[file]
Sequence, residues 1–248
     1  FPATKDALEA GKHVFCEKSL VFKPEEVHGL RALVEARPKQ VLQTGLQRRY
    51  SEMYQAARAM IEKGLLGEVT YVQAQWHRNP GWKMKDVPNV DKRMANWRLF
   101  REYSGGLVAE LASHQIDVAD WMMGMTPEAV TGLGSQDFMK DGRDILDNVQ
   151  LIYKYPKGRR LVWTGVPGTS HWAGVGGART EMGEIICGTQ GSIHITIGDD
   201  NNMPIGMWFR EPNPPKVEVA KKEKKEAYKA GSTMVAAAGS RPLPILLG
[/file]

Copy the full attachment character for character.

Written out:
Sequence, residues 1–248
     1  FPATKDALEA GKHVFCEKSL VFKPEEVHGL RALVEARPKQ VLQTGLQRRY
    51  SEMYQAARAM IEKGLLGEVT YVQAQWHRNP GWKMKDVPNV DKRMANWRLF
   101  REYSGGLVAE LASHQIDVAD WMMGMTPEAV TGLGSQDFMK DGRDILDNVQ
   151  LIYKYPKGRR LVWTGVPGTS HWAGVGGART EMGEIICGTQ GSIHITIGDD
   201  NNMPIGMWFR EPNPPKVEVA KKEKKEAYKA GSTMVAAAGS RPLPILLG